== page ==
Last year, commissioner Bud Selig proposed an idea of expanding the playoffs by adding a second wild-card team, giving teams a better chance of playing meaningful baseball in October. The Washington Nationals were a trendy sleeper pick to nab one of the two wild-card spots in the National League, but according to ESPN, multiple sources have reported that the process isn’t going smoothly. Due to schedule conflicts, talks have provided some complications in terms of moving scheduled games to different times.
The biggest issue is something that Major League Baseball experimented with last season and that’s ending the regular season in the middle of the week. Like last season, the last day of the regular season in 2012 is on Wednesday, not Sunday. That means that if the wild-card games are on Thursday (which ESPN’s Jayson Stark suggests), the teams involved wouldn’t have a travel day and that would push everything back. This wouldn’t be a problem if the schedule wasn’t made yet, but in an imperfect world that is known as Earth, there are scheduled games and it would be a struggle to adjust everything for two games.
The Nationals have drawn interest from the baseball media, fellow organizations, and fans because of their trio of young pitchers, a few All-Star hitters, and some guy named Bryce Harper. With the rest of the NL East (save the Marlins) getting a little weaker, the Nats could win 86-90 games this year (at best) and nab one of those two spots in a one-game playoff. But it’s all for not if this process will be delayed until next season. Talks are still going on and it’s not the idea that’s the problem, it’s time.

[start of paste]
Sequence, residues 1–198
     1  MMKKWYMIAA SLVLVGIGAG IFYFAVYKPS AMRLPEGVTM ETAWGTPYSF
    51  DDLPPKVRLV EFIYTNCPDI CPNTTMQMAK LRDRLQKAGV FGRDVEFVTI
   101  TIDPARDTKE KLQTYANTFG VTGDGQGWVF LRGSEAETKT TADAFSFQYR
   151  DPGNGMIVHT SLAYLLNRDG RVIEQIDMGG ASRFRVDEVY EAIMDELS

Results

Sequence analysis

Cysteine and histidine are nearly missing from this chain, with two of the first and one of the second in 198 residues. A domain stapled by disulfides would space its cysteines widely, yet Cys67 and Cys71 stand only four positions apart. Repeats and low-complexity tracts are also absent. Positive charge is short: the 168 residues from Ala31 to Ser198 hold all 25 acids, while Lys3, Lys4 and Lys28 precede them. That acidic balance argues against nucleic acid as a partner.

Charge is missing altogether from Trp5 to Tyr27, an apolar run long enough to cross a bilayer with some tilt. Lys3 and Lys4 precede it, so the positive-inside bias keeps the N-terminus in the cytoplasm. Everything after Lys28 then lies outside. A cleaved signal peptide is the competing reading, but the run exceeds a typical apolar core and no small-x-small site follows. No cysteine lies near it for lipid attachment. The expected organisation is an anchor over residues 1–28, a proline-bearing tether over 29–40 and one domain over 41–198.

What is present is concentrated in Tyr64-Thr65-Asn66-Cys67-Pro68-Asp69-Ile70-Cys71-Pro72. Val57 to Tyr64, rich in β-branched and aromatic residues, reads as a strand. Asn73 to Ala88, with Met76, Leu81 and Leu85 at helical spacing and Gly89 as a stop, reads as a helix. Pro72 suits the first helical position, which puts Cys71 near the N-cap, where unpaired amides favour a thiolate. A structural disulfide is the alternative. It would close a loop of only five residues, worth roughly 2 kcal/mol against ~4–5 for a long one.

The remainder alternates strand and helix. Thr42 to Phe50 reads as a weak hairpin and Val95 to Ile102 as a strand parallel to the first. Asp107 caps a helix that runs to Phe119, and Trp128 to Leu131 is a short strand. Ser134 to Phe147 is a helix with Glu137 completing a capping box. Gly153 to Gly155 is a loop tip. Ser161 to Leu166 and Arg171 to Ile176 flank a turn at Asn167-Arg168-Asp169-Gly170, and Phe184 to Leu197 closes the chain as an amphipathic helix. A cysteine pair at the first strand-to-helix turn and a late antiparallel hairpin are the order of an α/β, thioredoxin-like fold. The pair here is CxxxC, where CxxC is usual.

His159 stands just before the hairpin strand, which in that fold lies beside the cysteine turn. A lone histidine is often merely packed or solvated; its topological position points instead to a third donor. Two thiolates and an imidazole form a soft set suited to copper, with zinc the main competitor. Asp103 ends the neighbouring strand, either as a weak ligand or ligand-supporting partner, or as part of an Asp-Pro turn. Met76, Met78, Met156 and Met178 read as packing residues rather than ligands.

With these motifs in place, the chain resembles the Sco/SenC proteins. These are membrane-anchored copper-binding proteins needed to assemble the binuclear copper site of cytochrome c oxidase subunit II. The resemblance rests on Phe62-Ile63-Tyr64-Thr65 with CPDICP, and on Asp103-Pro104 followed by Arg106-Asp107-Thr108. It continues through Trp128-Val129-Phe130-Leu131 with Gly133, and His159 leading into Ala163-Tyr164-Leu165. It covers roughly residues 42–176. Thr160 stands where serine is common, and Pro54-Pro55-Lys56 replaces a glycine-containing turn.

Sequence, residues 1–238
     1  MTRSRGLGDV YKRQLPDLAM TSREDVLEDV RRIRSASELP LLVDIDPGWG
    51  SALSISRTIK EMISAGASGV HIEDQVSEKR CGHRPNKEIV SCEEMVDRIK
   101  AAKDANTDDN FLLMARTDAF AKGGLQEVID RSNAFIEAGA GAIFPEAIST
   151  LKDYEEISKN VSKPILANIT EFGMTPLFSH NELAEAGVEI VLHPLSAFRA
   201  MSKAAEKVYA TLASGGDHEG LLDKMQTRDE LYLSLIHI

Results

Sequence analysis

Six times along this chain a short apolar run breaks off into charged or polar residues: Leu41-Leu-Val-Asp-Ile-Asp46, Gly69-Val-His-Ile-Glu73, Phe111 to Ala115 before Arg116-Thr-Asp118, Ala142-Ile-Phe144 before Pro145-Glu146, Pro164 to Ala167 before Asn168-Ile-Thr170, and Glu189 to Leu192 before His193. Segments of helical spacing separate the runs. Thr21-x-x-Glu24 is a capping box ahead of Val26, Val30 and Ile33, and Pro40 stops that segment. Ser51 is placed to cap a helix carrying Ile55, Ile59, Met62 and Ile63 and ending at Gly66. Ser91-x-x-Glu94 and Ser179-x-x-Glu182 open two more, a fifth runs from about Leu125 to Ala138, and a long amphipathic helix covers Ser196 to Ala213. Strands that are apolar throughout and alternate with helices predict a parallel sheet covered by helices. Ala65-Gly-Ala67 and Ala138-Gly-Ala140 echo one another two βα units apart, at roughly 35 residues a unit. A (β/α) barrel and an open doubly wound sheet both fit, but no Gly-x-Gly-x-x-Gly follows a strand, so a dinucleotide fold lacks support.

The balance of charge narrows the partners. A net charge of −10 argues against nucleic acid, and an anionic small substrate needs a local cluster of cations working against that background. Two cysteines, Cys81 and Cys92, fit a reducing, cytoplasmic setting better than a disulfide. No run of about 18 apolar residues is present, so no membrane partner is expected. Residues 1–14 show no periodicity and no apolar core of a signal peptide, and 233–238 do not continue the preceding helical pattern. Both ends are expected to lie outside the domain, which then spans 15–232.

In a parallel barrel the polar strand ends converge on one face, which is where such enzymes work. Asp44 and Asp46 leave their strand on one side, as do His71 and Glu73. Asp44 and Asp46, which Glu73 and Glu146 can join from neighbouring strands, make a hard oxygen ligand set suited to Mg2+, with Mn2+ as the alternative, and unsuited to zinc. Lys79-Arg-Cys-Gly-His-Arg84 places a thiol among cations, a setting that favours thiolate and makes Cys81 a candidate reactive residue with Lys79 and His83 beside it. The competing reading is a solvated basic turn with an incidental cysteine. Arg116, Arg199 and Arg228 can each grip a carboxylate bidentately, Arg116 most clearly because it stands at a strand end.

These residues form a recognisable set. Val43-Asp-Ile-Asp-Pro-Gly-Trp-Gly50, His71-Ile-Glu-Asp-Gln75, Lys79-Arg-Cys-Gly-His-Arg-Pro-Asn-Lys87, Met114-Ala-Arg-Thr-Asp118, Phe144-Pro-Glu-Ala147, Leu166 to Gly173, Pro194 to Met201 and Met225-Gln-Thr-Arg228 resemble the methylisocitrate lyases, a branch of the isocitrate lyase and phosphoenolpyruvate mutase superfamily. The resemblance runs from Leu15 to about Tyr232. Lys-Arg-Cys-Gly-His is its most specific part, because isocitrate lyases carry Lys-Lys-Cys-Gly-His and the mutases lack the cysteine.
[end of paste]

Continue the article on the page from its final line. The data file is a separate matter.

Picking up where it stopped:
Regardless of when this new rule is implemented, it’s horrible for the game of baseball. Although it’s true that in terms of percentages, the number of playoff teams don’t compare to the likes of the NFL and the NHL, more isn’t always better. Just imagine if this rule was in place last year, a year when we saw epic comebacks by the Tampa Bay Rays and the St. Louis Cardinals? The excitement would be drained because regardless of who wound up 4th and 5th, the teams would play their league opponents (the Red Sox and Braves) anyway since no other teams had a mathematical shot. The outcry from fans would be outrageous if the two collapsing teams won a one-game playoff. It is what it is and “it” right now isn’t being too kind to the upstart Nats.